Modern systems of education have been passionate topics of debate and we still continue to discuss these endlessly. Fundamentally, the basic structure and objectives remain largely the same – we want to teach our children the basics of arts, science and mathematics; provide them basic understanding of history and geography, and impart them lessons in morals and virtues which will help them define what they are when they grow up. All these are imparted in the hope that each child will develop mental lattices of their own and define a life of purpose for themselves, thereby becoming worthy citizens. What had changed, however, is the growing plethora of multimedia options, which are ‘teachers’ by themselves, and the surfeit of information.
The systems of apprenticeship and internship are being increasingly deployed by schools to promote experiential learning, says Rajesh Nair
There is also an increasing focus on ‘practice’ rather than ‘theory’ which emphasise students having experiential learning than undergoing traditional pedagogy. The systems of apprenticeship and internship are being increasingly deployed by schools. An ‘on the ground’ experience definitely helps build understanding and helps her implement some of the principles and aspects she learned during her school education. A structured methodical way to build this experience has immense value to the education process.
A great stream of experiential knowledge can be built up through ‘entrepreneurship education’. In fact, entrepreneurship education runs across various subjects and can cement important principles in children early in their lives. Some interesting principles are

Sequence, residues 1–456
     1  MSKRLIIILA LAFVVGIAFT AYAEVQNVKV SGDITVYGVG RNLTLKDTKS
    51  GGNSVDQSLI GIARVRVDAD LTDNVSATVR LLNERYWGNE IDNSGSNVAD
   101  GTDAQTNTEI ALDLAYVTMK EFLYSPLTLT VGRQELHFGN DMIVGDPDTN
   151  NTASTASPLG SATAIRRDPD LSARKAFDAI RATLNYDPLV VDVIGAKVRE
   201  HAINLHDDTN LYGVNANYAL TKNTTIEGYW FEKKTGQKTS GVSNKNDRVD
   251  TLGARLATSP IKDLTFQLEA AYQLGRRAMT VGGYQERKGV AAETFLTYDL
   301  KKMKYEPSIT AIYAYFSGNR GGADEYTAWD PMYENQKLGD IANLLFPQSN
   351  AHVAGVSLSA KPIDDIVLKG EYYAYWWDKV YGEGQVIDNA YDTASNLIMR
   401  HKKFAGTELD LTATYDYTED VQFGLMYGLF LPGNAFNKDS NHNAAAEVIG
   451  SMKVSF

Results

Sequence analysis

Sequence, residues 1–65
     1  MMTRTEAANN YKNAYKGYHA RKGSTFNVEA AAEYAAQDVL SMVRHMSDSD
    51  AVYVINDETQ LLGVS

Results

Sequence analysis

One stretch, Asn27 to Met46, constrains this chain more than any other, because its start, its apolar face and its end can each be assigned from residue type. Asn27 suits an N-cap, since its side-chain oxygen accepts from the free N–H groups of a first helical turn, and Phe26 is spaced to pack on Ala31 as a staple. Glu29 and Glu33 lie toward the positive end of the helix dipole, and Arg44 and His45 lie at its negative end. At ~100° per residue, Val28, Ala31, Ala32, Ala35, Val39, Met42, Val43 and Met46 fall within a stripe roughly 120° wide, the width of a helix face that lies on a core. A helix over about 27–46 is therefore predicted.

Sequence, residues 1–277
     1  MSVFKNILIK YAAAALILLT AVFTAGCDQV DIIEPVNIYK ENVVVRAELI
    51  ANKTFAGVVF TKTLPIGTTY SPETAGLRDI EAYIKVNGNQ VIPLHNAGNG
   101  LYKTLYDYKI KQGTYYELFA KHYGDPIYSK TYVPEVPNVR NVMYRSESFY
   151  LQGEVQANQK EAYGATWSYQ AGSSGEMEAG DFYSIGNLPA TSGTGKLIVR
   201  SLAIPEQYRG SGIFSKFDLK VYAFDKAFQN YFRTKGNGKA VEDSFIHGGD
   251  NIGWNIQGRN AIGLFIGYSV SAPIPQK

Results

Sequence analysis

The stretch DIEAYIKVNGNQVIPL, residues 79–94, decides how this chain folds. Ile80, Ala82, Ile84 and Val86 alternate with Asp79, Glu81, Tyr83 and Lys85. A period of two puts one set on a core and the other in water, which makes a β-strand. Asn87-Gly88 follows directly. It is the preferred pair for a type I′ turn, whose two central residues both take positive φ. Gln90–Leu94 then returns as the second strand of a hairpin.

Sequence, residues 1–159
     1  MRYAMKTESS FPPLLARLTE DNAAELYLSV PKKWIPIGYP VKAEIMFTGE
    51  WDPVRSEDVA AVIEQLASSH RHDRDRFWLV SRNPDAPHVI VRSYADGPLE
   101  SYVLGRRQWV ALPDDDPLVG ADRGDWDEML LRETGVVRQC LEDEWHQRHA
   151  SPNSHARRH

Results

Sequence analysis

- Owning an idea: While we all have ideas, most ideas are shallow thoughts and are lost in the deluge of more ideas. In younger days, it also symbolises the wandering mind of children which imbibe ideas but fail to go deeper into any one of them. By starting small makeshift ventures, children learn to take ownership and accountability of what they are doing.
- Appreciating numbers: Adam Smith and more recently eminent business writer Michael Lewis have emphasised the importance of using numbers and mathematics to teach basic concepts of finance as part of the mathematics syllabus. Dealing with money and its movement needs to be intuitive like our ability to mentally play with numbers, have impressions of spatial sizes, areas and more importantly, to understand the concept of ‘good investments’. The more intuitive it becomes, the more connected it gets to other disciplines. After all, finance basically does not have more concepts than high school mathematics, and all financial modelling are `a logical extension’ of that.
- The importance of failures: Our examinations are designed not to accept failures and they fail to accommodate the core aspect that ‘failure is an important integral part of learning!‘ The mindset to view failures as experience and muster strength to learn from these experiences requires maturity even older people do not have and most never acquire. By encouraging small entrepreneurship projects, we can provide that learning curve to children. So are we setting them up for failure? Of course, not! We are enabling a proficiency which will help them adjust to outcomes and think of what they can control and what is beyond their remit.